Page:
A fishing family in the Gulf of Alaska

Facts & figures

Sockeye salmon
follows soon
2014
Cook Inlet, Alaska (USA)
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Cook Inlet

Along a branch of the Gulf of Alaska you’ll find the small village of Kasilof, surrounded by rough nature with tall pine trees and lakes with surfaces smooth as glass. Ever since the ‘90s, the Chase Family spent the summer on the coast of the Cook Inlet. They are one of many fishermen who fish for sockeye salmon from open fishing boats.

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The fishery in Cook Inlet was founded in the 1930s, when a Finnish emigrant started the company. In the following years the company’s owner often changed, and in 1993 Brian, Elizabeth, Aaron, Caleb and Hannah Chase became the owners. They gave new life to the company and are, up and till this day, working closely with the Alaskan government to make sure that seafood is caught as fair as possible. Because there’s one thing that’s very important to the Chase Family, and that’s the environment.

Fishing method

The Chase Family fishes with floating gillnets that they lay out in the morning with open fishing boats and they use the floaters to create a wall. When the salmon swims against those little walls, they retract the nets.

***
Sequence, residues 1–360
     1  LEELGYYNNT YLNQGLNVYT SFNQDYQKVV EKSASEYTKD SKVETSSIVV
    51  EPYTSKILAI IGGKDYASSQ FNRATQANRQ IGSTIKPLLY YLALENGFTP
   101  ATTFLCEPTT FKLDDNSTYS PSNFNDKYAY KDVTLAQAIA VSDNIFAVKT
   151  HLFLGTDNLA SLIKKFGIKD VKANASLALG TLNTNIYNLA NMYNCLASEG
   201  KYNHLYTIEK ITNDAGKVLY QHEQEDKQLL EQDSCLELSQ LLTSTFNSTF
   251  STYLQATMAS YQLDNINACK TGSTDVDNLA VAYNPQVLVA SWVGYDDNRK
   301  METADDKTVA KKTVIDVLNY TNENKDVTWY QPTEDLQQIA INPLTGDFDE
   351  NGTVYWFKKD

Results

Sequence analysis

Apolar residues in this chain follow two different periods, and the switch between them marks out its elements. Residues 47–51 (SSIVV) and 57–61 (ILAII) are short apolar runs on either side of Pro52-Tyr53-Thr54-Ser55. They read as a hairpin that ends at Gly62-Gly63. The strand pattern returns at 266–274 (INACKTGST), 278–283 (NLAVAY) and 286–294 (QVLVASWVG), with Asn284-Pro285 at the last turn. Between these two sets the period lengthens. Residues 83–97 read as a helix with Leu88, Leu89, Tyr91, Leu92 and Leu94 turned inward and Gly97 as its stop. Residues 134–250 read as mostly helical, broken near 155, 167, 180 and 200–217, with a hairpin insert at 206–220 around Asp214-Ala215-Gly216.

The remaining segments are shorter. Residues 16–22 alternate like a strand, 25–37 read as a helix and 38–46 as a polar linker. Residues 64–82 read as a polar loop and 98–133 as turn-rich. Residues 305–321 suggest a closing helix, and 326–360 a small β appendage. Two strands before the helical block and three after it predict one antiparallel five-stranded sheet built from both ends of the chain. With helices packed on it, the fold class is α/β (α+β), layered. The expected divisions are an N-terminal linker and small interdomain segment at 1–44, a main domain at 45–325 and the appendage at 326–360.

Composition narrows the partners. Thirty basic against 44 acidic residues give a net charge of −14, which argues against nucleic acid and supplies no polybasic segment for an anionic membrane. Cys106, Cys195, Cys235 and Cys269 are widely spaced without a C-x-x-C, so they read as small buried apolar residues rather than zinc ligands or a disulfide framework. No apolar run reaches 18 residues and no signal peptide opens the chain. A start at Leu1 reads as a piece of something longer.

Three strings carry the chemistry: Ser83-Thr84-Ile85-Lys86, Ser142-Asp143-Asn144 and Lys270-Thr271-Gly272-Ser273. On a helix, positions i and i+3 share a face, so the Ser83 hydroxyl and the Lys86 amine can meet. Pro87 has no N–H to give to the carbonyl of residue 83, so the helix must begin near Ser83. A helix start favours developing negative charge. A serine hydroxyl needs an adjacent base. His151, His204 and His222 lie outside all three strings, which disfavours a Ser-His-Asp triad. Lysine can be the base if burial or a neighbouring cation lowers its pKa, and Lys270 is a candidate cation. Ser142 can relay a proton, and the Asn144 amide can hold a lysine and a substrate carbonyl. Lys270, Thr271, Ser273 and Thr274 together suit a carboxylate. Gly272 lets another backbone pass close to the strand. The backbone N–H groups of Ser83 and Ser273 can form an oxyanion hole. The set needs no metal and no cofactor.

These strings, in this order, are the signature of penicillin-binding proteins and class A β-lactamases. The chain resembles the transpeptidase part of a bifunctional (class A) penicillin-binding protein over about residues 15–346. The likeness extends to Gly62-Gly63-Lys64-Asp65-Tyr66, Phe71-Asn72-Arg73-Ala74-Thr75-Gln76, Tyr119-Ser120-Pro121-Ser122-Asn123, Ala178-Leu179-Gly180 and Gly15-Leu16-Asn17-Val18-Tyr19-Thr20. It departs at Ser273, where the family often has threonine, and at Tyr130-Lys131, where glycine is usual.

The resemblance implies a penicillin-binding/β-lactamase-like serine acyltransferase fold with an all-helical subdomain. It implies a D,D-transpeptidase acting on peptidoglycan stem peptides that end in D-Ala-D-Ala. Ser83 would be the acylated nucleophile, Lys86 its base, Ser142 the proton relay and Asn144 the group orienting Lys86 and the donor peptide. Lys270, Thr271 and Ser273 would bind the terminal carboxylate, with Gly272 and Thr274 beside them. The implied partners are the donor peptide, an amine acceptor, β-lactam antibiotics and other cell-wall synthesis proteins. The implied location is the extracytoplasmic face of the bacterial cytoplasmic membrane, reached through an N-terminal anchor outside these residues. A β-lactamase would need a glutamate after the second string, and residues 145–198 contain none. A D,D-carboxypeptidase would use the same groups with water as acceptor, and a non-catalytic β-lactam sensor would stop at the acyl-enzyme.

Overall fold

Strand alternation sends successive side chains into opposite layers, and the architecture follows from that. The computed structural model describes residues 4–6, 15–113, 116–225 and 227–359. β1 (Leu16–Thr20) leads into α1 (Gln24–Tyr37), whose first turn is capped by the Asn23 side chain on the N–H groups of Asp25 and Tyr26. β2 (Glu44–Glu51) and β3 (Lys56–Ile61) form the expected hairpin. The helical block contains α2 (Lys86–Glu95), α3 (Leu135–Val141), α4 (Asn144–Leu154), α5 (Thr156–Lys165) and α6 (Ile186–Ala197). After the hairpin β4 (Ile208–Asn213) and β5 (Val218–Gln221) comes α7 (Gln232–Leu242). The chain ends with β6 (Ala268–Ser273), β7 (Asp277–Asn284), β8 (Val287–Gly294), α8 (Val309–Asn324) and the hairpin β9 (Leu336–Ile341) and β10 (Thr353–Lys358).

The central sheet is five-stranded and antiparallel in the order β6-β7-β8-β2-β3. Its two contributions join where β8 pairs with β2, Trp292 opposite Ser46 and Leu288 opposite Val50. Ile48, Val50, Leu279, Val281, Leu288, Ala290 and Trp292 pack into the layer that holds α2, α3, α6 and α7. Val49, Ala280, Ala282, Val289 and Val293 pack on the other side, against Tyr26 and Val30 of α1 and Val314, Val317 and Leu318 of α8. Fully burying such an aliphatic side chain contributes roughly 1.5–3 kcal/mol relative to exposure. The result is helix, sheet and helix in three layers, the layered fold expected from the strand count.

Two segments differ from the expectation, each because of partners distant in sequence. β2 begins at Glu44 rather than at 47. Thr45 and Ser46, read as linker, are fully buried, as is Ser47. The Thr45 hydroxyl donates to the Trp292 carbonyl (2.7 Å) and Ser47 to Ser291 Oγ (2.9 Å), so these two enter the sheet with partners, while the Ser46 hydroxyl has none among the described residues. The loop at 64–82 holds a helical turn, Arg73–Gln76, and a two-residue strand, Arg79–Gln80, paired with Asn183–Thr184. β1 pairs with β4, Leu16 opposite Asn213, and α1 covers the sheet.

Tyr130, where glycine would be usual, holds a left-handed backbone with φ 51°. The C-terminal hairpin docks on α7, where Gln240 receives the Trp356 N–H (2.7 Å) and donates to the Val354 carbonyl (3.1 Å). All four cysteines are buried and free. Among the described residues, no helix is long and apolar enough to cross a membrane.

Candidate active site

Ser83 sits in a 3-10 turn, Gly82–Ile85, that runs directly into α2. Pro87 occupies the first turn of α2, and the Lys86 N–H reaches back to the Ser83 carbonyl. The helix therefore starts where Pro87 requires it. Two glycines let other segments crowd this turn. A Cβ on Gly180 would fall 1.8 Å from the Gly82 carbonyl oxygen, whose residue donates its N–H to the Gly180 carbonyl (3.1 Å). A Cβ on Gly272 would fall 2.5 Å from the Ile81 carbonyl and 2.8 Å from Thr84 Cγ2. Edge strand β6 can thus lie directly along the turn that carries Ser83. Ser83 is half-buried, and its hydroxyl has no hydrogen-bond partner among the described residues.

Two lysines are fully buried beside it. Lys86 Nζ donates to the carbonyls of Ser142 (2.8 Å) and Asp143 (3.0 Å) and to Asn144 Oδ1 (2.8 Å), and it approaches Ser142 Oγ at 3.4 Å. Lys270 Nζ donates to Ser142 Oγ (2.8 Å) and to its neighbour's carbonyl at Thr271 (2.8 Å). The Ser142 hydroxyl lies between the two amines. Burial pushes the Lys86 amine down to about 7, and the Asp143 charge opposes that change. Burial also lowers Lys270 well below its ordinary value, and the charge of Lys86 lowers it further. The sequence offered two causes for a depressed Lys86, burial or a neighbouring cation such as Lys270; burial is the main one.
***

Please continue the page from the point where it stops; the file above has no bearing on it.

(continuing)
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Between the end of June to mid-August the salmon swim by the coast of the peninsula Kenai on their way to the Kasilof-river. The state of Alaska meticulously notes how many fish swim up the river to lay their eggs, and only if enough fish have passed, fishing is allowed. This way the catch remains in healthy balance with the fish data.

Southern peninsula

Kasilof is on the Kenai-peninsula, an area in the south of Alaska that’s known for its rough and rich nature. Not many people live here: the population of the village is about 500-600 people. The peninsula is surrounded by Cook Inlet on one side and the Gulf of Alaska on the other side.

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Wild sockeye salmon

The sockeye salmon from Cook Inlet is an anadromous fish. This means that in summertime, it swims from the sea up the stream in the Kasilof-river to lay eggs. That’s hard work, so before their trip, the fish fills its belly with plankton and little shrimps (that’s where they get that gorgeous deep red color from). When the Chase Family catches the fish, it’s at its fattiest - and bursting with flavor!

“Preparing fresh salmon on an open flame is the best there is.”

For his whole life, fisherman Brian lives in Kasilof during salmon season, nowadays with his wife and two kids. Off-season he lives in Seattle and works for the American Coast Watch. He loves cooking for his family, and prefers to use an open flame. “Make sure that the salmon is cooked, but still juicy, and serve it with lemon juice, chopped garlic and a sprinkle of sea salt. Pure and natural - naturally delicious!”

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